A new wave of outrage is sweeping Rochester, N.Y. following the release of internal government documents related to the police murder of Daniel Prude, a 41 year-old Black man who had traveled to the city to visit his brother. The documents detail how city authorities conspired to cover up the facts surrounding his death.
Prude was murdered by Rochester Police Department officers in March, but his death and a video of the night he was detained by police was only made public earlier this month. The video shows gut wrenching images of Prude, who was not only unarmed but in fact naked at the time of his arrest, strangled with a bag over his head in the middle of the street. He died a week later due to “complications of asphyxia” according to the county coroner.
The documents reveal the extent to which officials coordinated their efforts to prevent the release of the body camera footage from that night. Jodi Dean, an organizer with the Geneva Women’s Assembly who has been involved in protests demanding justice for Daniel Prude, told Liberation News that “The violent, racist, and corrupt Rochester Police Department has literally gotten away with murder for decades. Now there is absolutely undeniable proof.”
In one email Rochester Deputy Police Chief Mark Simmons expresses concern to his boss, Police Chief La’Ron Singletary, that the footage must be suppressed so that people would not associate Prude’s death “with any recent killings of unarmed Black men by law enforcement nationally.” Singletary replied, “I totally agree.”
Rochester Mayor Lovely Warren has presented herself as sympathetic to the demands of those protesting for justice, but the documents suggest another story. Singletary said in a private email in April that the mayor’s office “has been in the loop” from the very beginning.
Among the documents that were released is the original copy of the police report on the incident. The cop who filled out the report originally described Prude as an “individual”, but another officer wrote in red ink on the printed version “make him a suspect”. This indicates an effort early on to impugn Prude’s character, a common tactic by police departments and their allies.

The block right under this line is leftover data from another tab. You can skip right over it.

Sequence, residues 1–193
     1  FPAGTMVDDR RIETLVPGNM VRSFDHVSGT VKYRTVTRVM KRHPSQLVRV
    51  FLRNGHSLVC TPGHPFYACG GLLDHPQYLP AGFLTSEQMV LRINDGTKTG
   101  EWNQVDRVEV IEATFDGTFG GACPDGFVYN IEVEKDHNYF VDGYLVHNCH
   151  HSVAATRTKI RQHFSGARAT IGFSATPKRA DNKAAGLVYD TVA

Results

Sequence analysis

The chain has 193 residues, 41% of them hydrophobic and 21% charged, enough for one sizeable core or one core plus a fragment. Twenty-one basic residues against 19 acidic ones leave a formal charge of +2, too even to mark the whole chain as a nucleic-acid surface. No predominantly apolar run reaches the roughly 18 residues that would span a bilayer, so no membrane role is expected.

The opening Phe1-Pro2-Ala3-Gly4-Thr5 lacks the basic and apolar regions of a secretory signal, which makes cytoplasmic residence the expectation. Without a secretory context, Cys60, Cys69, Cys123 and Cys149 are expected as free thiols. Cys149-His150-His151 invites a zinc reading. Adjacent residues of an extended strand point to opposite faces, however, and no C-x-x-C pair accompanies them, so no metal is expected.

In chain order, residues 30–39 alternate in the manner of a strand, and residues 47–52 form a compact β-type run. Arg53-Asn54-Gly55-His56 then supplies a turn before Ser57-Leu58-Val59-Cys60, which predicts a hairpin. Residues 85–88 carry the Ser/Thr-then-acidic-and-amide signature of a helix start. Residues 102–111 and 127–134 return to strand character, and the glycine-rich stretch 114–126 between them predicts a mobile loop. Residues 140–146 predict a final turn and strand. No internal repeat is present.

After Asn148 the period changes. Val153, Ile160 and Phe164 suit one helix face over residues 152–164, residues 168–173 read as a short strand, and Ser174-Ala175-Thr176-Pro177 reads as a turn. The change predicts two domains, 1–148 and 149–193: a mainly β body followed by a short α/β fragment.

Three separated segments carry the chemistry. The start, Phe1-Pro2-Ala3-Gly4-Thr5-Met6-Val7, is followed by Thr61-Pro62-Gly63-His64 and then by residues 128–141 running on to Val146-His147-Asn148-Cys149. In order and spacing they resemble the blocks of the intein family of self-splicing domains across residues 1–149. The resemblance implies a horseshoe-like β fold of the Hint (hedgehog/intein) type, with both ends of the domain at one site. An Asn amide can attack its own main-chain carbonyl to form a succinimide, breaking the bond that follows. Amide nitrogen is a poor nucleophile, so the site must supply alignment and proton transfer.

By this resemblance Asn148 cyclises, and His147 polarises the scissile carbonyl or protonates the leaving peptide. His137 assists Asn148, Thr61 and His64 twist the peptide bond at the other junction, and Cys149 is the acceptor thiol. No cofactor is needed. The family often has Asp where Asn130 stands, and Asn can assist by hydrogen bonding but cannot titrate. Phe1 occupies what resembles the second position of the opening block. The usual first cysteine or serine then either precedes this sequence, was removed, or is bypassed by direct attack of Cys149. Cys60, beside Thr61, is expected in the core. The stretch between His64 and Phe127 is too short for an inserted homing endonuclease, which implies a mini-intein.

Protesters determined to win justice
Demonstrations have been taking place on a daily basis since Prude’s killing was made public, and the case has become nationally known. Dean explained, “The organizers — Free the People Rochester — have deep support in the community. They’ve been working together for at least a decade. They had also been active all summer, since the George Floyd murder, and are extraordinarily committed and disciplined.” She added that protests have taken a variety of forms, “from street parties, to different march routes, to street painting, to the most recent occupation of the front of City Hall.”
The city’s establishment is on the defensive, and the co-conspirators in the coverup of Prude’s murder are turning on each other. On September 14, Mayor Warren fired Police Chief Singletary, hypocritically proclaiming “The culture of policing in Rochester must change.” Two other top city officials were suspended without pay for a month at the same time.
But in addition to these concessions, Rochester authorities are unleashing violent repression on the movement against racist police brutality. This has had a radicalizing effect on people, as Dean points out, “When 200 cops with dogs, tanks, LRADs, pepper balls, and tear gas confront peaceful protesters demanding justice for the police murder of an unarmed Black man, the injustice in the system becomes plain as day.”